Nanni Moretti’s Mia Madre feels like two different films. One is Moretti’s own personal story of loss, inspired by the fact that his own mother was dying as he made his previous film. It’s also reminiscent of the loss so beautifully captured in his Palme d’Or winning The Son’s Room.
The other part is one lifted from European art films going back at least as far as Federico Fellini and his film 8½. It’s the personal life intruding on the world of the professional, the people you love encroaching on the need to make art, one’s whole personal and professional existence coming to a point of crisis.
The problem is that the film feels very much like two separate and overly familiar parts, rather than a coherent whole. The more personal side to the story in which Moretti’s stand in film director Margherita attends her mother’s hospital bed is largely free of event. Rather than being emotional or touching, these sections feel derivative and uninspired. Moretti may have been digging into his own personal history for these scenes, but he became heavily reliant on convention, which makes the emotions feel slight.
This is probably largely down to the focus on that old art house cliché which dominates the second part of this film; that of the film director/artist struggling to express him/herself. We saw something very similar in Moretti’s paisan Paolo Sorrentino’s pompous The Great Beauty on a grander scale. Here we’re watching Margherita direct a film on worker rights, which she seems to become less enamoured by as the shoot progresses.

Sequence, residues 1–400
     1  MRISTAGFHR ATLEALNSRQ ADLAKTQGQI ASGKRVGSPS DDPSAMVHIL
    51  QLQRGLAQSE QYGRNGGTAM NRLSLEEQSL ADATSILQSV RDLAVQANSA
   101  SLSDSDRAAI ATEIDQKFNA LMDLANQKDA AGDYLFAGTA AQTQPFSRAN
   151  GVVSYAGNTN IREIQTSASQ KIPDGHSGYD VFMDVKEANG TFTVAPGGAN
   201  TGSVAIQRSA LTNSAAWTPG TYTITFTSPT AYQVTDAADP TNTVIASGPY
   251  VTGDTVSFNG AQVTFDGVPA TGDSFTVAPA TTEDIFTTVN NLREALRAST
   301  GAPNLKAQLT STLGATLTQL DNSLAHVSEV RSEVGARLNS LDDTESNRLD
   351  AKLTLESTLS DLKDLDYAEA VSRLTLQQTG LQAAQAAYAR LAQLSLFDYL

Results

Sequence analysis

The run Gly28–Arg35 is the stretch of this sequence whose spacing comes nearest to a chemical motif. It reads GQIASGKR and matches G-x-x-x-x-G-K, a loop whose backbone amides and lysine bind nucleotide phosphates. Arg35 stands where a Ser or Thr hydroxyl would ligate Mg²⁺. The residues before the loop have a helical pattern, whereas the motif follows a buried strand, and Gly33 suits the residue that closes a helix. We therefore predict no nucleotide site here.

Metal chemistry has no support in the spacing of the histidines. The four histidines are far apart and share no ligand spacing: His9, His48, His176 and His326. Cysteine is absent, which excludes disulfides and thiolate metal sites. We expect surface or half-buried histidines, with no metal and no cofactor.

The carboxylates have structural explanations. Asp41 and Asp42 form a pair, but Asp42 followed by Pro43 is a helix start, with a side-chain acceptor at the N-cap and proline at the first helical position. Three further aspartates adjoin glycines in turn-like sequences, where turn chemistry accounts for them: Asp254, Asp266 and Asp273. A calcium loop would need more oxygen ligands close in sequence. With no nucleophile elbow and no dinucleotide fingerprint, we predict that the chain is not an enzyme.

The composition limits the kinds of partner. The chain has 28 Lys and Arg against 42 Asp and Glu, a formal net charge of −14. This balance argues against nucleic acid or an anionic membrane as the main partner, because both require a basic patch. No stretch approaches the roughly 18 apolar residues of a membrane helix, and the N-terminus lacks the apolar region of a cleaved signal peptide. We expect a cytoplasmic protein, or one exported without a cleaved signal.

It is in these scenes that John Turturro makes his appearance and this is by far the strongest element of the whole film. Turturro is in a film completely of his own devising whenever he appears. His scenes are straight comedy and they work very well. But in the context of the rest of the film they’re adrift in an ocean of mundanity and dull grief.
There’s little else to recommend Mia Madre beyond these details. It isn’t terrible by any stretch, but there’s really nothing about this film that makes it stand out or feel memorable in any way. Its identity is buried beneath the clichés Moretti relies so heavily on. The Son’s Room remains a modern classic of European art cinema, but Mia Madre is unlikely to enjoy such a reputation.